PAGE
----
detained prior to a detention hearing on the grounds that he or  
          she is alleged to have committed a misdemeanor or infraction  
          offense. Existing law provides that if a person is arrested and  
          taken into custody, that person may be subjected to pat-down  
          searches, metal detector searches, and thorough clothing  
          searches in order to discover and retrieve concealed weapons and  
          contraband substances prior to being placed in a booking cell.  
          (Penal Code  4030.)









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          Proposed Law:  
           This bill makes numerous changes to various code sections  
          relating generally to criminal justice laws, as follows:
           Removes the sunset on the ICJ, thereby extending its  
            provisions indefinitely.
           Authorizes the use of body scanners when a person is taken  
            into custody.
           Adds an additional exception to the requirement to appear  
            before a magistrate prior to release from custody for a person  
            arrested for DUI that needs to be taken for medical treatment  
            first.
           Makes various other technical changes.


          Related  
          Legislation:  SB 100 (Committee on Budget and Fiscal Review)  
          Chapter 360/2013 extended the ICJ sunset to January 1, 2016.
          AB 220 (Solorio) Chapter 356/2011 extended the ICJ sunset from  
          January 1, 2012, to January 1, 2014.




          Staff  
          Comments:  The CDCR indicates annual costs for ICJ dues of  
          $37,000 (General Fund). There could be significant future cost  
          pressure related to maintaining compliance with ICJ rules, as  
          there are substantial reporting, data collection and data  
          analysis requirements for ICJ members. The ESC report noted  
          additional staff and an automated system will most likely be  
          needed. Although the Interstate Compact Offender Tracking System  
          (ICOTS) has been established for the Adult Compact, any  
          significant system changes to the system in order to accommodate  
          juvenile data would incur costs that would have to be paid for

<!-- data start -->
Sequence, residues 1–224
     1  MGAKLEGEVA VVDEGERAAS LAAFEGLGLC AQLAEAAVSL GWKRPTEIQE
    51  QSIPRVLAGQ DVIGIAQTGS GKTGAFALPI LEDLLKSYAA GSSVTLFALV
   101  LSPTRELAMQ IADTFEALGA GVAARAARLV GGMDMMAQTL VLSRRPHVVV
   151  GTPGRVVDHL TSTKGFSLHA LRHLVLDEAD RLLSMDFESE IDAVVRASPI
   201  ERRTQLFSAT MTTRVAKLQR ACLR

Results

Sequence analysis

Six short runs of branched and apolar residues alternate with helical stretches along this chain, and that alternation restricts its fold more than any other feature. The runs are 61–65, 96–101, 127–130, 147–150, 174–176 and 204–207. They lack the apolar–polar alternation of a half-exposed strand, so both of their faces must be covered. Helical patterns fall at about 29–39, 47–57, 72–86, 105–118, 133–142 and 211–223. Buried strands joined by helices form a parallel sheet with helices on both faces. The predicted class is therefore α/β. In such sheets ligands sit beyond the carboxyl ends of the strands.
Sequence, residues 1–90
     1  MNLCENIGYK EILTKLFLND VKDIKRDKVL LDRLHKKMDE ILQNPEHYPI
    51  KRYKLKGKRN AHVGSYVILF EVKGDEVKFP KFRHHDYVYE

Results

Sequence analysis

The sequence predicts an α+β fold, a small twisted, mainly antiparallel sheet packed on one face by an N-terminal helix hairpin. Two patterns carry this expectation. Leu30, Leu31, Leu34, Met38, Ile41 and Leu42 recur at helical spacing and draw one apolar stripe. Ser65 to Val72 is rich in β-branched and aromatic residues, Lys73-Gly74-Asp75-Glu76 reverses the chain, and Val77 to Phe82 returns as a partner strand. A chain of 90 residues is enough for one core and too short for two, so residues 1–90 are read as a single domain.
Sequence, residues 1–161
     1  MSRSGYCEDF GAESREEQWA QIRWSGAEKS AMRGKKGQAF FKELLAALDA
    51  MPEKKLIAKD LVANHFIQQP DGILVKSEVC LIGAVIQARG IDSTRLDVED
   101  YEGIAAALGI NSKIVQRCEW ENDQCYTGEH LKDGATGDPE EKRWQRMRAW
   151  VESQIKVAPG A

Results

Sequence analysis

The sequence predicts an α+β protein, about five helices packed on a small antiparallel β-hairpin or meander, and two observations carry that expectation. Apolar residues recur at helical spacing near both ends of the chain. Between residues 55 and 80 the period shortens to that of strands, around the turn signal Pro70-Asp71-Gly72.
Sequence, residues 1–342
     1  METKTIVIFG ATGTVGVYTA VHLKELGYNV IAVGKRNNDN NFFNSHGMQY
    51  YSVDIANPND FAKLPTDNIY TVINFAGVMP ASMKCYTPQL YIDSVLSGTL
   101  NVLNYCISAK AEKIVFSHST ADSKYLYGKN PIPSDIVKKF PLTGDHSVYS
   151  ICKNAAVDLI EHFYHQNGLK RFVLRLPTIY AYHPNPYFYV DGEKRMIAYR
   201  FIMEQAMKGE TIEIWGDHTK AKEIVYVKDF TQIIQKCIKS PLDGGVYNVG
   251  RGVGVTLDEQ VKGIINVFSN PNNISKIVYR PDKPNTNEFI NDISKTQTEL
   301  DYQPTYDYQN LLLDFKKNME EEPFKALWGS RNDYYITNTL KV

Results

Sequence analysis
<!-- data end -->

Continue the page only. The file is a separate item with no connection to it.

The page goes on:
by the ICJ member states. To the extent the prospective costs of  
          the data system and maintenance would be paid by the Commission  
          through the annual dues paid by member states, there would be  
          significant cost pressure to increase annual dues to members in  
          order to subsidize costs associated with the development of a  
          new data system.
          Notwithstanding the potential costs of ICJ membership, there are  








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          likely costs to non-participation in the ICJ to the extent  
          non-members are not afforded the legal protections of the  
          Commission and/or individual agreements would need to be drafted  
          with other states. 

          The provision of this measure authorizing the use of body  
          scanners creates significant future cost pressure to the extent  
          law enforcement agencies utilize this authority and subsequently  
          purchase equipment. While predominantly impacting local law  
          enforcement agencies, staff notes the California Highway Patrol  
          (CHP) is also subject to the provisions of PC  4030 related to  
          strip searches. While the CHP has indicated they do not have  
          booking facilities, there are facilities that the CHP utilizes  
          that require the CHP to perform a strip search.  
            

          Committee amendments (as adopted May 28, 2015):  Make the  
          following technical changes: 
                 On page 5, in line 3, strike out "and" and insert  
               "released, shall,"


                 On page 5, in line 3, strike out "shall"


                 On page 6, in line 2, delete the word "prearrangement"  
               and insert "prearraignment"